Artist X
Artist X graduated from Thomas Worthington High School in 1991. He then went on to earn a BFA and MFA in painting from the Rhode Island School of Design and The Ohio State University respectively. For the past twelve years he's spent most of his time as a guerrilla city planner and Commons social entrepreneur trying to advance a disruptive innovation that would situate Columbus at the center of a new Arts and Crafts “Renaissance Revival” movement. He's currently shopping around for a lawyer to force the issue and otherwise take the Establishment to task.

1. Describe for our readers the most compelling art piece you have made: Generally

speaking, the most compelling art piece to me is whatever I am working on at any given

point in time. Right now I have about five projects ongoing. The first, started this past

summer, is a fence mural in the King-Lincoln District that deals with the origins of the

so-called “white race.” While that’s on the back burner, due to the weather, I’m working

on a proposal for an organization called Singularity University. Based out of Silicon

Valley, SU is the pet project of futurist Ray Kurzweil, head engineer at Google. The

singularity I’m trying to pitch is how to socially engineer an Arts and Crafts Movement,

to serve as the foundation for a “Green” Industrious Revolution, based in part on my

Commons development models. More conventionally speaking, I’m also working on a

couple of paintings, each measuring roughly 15 square feet. The one painting is a

significant challenge because it’s my first abstract piece. It’s also my first paid

commission, which ups the risk factor quite a bit. The other painting, which is very near

complete, I’ve been working on for about twenty years.

2. Tell us about your best, most successful, or most fulfilling art show: Probably my

most fulfilling art show was my Master’s thesis show at OSU back in 2001. It was also

my fist solo show and represented the culmination of my evolution as an artist up to that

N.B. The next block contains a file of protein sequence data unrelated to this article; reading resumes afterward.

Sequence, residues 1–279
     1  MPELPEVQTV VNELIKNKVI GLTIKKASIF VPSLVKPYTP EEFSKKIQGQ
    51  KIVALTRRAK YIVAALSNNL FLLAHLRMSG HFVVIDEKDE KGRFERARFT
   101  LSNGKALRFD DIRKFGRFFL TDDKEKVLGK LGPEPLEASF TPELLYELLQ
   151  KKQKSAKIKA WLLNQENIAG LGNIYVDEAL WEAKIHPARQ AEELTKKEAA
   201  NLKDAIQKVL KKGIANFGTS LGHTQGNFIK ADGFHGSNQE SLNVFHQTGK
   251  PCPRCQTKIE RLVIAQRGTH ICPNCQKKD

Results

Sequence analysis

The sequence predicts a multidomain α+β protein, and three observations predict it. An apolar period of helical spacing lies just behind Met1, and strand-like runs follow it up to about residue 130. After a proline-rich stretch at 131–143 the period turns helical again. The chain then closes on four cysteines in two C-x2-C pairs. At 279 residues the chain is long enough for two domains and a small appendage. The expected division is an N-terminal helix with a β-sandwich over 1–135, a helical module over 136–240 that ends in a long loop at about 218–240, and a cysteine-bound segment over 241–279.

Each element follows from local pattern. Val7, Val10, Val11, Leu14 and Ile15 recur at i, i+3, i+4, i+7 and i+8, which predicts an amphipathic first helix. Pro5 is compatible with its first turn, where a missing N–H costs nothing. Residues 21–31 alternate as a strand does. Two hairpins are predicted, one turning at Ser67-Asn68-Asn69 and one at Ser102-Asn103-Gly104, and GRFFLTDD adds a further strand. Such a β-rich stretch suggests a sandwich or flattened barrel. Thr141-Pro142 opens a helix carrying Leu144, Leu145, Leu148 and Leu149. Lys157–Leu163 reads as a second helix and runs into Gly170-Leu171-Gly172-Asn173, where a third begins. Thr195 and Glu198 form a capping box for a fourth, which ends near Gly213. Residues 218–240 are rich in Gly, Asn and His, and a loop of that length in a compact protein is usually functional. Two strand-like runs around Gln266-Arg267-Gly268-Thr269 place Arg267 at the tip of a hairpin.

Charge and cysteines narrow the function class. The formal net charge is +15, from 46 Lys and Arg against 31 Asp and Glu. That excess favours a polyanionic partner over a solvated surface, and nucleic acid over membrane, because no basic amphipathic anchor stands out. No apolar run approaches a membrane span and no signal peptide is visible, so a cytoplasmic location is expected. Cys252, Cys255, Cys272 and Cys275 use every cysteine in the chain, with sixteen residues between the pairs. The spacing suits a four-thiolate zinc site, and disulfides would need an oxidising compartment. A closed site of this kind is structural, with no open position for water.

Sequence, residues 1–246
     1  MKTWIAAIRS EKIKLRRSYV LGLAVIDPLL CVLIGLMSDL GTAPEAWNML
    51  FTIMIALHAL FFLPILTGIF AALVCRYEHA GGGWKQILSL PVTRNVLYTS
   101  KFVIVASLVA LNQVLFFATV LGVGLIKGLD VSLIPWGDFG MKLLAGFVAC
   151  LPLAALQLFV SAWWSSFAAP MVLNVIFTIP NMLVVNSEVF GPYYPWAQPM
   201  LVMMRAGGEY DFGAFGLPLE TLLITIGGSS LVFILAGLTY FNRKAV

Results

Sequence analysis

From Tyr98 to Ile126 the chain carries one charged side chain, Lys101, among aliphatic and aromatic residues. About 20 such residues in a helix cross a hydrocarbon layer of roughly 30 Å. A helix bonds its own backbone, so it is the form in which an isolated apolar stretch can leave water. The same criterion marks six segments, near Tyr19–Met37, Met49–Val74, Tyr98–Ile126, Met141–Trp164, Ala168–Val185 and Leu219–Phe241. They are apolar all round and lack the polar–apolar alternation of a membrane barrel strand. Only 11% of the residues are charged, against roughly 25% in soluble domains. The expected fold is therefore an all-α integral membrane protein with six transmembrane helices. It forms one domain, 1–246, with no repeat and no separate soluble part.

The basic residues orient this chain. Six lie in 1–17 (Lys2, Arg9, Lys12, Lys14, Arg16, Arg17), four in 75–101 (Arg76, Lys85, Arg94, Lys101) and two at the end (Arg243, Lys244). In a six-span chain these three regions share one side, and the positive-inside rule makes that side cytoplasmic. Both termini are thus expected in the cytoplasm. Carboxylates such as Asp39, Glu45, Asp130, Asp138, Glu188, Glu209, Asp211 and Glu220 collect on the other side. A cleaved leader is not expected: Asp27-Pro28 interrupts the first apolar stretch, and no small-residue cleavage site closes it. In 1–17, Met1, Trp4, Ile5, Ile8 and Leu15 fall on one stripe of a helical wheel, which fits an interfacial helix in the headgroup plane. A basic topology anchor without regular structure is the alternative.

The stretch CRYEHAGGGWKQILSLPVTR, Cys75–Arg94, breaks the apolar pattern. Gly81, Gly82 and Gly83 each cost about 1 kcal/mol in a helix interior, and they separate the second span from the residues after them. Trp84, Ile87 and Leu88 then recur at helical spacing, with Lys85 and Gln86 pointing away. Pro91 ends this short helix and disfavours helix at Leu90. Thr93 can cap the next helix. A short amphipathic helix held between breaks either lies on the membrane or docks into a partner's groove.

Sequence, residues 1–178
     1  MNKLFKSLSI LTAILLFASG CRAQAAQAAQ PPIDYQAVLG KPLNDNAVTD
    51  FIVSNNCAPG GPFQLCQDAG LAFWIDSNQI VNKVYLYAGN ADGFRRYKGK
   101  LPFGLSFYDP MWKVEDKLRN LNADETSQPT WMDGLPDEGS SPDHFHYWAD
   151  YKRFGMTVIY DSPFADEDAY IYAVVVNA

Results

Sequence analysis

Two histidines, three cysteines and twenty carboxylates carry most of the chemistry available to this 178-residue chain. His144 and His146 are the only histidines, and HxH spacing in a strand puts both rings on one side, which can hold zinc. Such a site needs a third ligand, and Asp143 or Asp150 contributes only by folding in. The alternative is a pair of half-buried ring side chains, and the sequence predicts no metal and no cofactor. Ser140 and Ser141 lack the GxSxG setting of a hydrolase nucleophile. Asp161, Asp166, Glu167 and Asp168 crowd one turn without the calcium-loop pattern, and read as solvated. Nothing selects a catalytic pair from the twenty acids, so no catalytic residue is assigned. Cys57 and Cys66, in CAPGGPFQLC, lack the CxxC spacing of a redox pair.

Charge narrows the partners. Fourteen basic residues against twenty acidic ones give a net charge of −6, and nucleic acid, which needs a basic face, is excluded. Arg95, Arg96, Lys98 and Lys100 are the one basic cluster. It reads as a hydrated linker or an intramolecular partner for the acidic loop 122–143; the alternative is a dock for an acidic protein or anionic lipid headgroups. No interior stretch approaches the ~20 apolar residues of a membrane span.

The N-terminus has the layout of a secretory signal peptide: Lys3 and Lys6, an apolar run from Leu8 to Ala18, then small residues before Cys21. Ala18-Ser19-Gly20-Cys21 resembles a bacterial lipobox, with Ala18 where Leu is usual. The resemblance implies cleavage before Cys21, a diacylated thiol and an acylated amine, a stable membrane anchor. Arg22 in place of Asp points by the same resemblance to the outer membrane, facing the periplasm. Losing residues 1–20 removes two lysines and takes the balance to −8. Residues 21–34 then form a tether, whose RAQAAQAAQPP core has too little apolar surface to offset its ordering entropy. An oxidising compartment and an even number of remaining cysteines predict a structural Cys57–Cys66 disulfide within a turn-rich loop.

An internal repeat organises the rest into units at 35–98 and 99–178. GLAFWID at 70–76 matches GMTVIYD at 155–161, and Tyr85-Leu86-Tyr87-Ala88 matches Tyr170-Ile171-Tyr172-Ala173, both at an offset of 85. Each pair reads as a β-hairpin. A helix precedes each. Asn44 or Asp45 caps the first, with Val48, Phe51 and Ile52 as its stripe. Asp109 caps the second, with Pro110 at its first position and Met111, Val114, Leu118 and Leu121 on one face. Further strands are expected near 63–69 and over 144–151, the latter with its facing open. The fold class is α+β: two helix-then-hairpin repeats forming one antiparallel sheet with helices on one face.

point. As a sort of retrospective, the display helped validate my decision to become an

artist. It also set the stage for many of the themes that still define my oeuvre.

3. If you could work with any other artists, alive or not, who would it be and why? I’m

most interested in working with the artist of the future. For me that is anyone who recognizes the Powers That Need Beheaded need not be highly regarded. The Establishment is a traitor to the times in which we live. It doesn’t give a damn about the rights of the individual, much less the symbol of that sort of rouge civil servant, the artist. Rather, what technocrats really care about is how the arts can be co-opted to serve their authoritative, bourgeois agenda. It’s possible collective action can change this

dysfunctional power dynamic, but artists have to be willing to challenge the wisdom of the Establishment’s authority. If that happens Columbus has a chance to become that Creative Class wonderkind we all know we have the potential to be. Unfortunately, art movements of this nature rarely emerge. Artists first have to see themselves as change agents. Next, they can’t sell themselves short. Too often apathy, which can be construed as a form of class self-satisfaction, or its opposite, poverty mindedness, undermines real solidarity, since the idea of scarcity frightens people away from the bigger picture. In my mind the potential largesse of a critical mass windfall is something worth fighting for.

4. How do you integrate art and politics or social justice issues? Through a dual

process of radical confrontation and behind the scenes guerrilla warfare. In fact, if anyone

is interested, I recently finished a compendium called The Hope Of Audacity which

details my successes and failures in this arena over the past few years, including how I

pressured Mayor Coleman into early retirement. Free downloads of the book are

available at my website In terms of a disclaimer: The

giant sleeps no more.